When deciding whether to adopt a goal, groups sometimes fall into destructive conflict between those who want the group to commit to the goal (the advocates) and those, less willing, who want to know more about how the group can achieve that goal (the skeptics). Because the skeptics often express their concerns by asking "How?", the debate about whether to commit to the goal can descend into inappropriate problem-solving.
Here are some common reasons for the differences between advocates and skeptics.
- Tolerance for failure
- The decision to adopt the goal often requires a commitment to the goal long before a path to success becomes clear. For some, the possibility of insurmountable obstructions yet unrecognized creates internal tension. For others, trying and failing can be very costly emotionally. To reduce the tension about possible obstructions, or to limit the risk of failure, some people ask the How question.
- Tolerance for the unknown
- Even if all obstacles are eventually overcome, the cost of overcoming them, and the time required, might be unknown at the outset. Cost and schedule are just two of the unknowns. Other examples: Who do we need to help us? What do we have to learn? What resources are required?
- Tolerance for conflict
- Sometimes striving for the goal entails conflict with people. Conflict can be creative or toxic, but even if it's creative, healthy, and constructive, some people are unwilling to engage in it. Perhaps they've had experiences that suggest to them that the coming conflict will be unhealthy. In any case, some people are unwilling to commit to the goal if they anticipate conflict.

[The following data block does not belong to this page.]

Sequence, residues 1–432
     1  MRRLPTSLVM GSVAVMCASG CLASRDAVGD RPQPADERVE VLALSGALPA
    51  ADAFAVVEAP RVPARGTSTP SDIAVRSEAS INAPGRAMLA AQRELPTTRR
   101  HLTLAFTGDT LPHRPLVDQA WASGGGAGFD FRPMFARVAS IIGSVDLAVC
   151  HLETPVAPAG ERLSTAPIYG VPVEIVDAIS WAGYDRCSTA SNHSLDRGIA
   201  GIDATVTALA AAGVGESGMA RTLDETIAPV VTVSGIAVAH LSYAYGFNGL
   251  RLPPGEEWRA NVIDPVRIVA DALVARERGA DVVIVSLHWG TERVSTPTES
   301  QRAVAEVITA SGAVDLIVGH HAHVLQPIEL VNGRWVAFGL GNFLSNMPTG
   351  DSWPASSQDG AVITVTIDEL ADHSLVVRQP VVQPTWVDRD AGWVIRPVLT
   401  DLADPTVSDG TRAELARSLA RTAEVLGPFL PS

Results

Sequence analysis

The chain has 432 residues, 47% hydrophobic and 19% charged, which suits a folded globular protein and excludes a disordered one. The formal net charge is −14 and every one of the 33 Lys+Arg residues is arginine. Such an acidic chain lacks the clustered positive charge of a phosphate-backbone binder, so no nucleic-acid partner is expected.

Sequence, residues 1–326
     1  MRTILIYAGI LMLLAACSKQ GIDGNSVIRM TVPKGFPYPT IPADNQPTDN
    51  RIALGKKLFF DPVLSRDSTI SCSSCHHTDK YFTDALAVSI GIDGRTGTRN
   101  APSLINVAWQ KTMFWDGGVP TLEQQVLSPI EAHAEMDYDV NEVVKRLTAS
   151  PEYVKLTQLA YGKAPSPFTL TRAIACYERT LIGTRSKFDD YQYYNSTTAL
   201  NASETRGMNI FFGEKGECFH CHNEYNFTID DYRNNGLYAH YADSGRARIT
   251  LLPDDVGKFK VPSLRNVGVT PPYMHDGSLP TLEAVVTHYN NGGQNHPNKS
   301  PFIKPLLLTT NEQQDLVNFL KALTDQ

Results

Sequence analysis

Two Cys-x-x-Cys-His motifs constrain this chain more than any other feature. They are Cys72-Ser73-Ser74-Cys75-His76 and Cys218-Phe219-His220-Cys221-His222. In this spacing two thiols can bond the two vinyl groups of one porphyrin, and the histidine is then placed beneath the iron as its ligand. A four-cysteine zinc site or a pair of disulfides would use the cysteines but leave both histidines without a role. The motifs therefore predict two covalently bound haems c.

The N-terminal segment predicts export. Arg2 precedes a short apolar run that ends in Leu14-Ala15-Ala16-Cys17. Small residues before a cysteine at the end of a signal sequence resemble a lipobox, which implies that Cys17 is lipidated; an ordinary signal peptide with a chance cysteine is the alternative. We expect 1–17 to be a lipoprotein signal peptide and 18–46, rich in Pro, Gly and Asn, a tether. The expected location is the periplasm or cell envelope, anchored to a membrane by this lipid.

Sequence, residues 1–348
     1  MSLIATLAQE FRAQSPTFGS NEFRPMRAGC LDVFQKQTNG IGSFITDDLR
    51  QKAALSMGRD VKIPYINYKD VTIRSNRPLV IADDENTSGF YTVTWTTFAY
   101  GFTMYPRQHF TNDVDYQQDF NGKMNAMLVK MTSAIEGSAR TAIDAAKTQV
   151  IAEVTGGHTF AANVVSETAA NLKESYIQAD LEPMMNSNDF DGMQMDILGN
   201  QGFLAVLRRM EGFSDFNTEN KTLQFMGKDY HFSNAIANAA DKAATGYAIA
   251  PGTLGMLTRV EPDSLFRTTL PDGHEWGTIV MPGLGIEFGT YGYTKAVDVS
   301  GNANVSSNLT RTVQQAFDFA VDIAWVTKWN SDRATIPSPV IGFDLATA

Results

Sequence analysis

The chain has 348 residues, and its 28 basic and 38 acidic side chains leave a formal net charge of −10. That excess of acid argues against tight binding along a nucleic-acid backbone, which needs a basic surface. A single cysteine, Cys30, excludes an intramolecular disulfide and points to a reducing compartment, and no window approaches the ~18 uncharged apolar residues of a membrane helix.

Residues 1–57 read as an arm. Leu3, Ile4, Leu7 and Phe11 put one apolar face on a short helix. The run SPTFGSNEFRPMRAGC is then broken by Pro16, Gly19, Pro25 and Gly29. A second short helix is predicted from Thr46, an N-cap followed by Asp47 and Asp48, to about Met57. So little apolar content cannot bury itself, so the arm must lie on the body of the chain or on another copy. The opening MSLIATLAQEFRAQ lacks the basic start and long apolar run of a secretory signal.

- Unfamiliarity with the problem space
- For some, general unfamiliarity with the problem space or the problem itself can be troubling. To cope with this, they seek to manage the overall risk of approaching the problem by demanding information that might not be available. If the information is forthcoming, they feel comforted. If not, they argue for rejecting the proposal.
- Hat hanging
- Some people make For some, general unfamiliarity
with the problem space or the
problem itself can
be troublingconnections — usually outside their awareness — between the current situation and some other situation they've known. If that other situation was painful or didn't turn out well, they might feel hesitant to commit to the proposed goal. This can lead them to ask the How question, demanding more details than they might otherwise require.
- Toxic politics
- Some are skeptical because they see adoption as a threat to their narrow political interests. By asking the How question, and demanding clarity at a level of detail that isn't available, they hope to dissuade the group from pursuing the goal.
Advocates of the goal can experience frustration when repeatedly restrained by the skeptics. If the group can distinguish skepticism from problem solving, it can keep tension from building, and focus on Whether, instead of How. Top Next Issue
For more about differences and disagreements, see "Appreciate Differences," Point Lookout for March 14, 2001; "When You Think They've Made Up Their Minds," Point Lookout for May 21, 2003; "Towards More Gracious Disagreement," Point Lookout for January 9, 2008; and "Blind Agendas," Point Lookout for September 2, 2009.
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More articles on Problem Solving and Creativity:
- What Haven't I Told You?
- When a project team hits a speed bump, it often learns that it had all the information it needed to
avoid the problem, sometimes months in advance of uncovering it. Here's a technique for discovering
this kind of knowledge more systematically.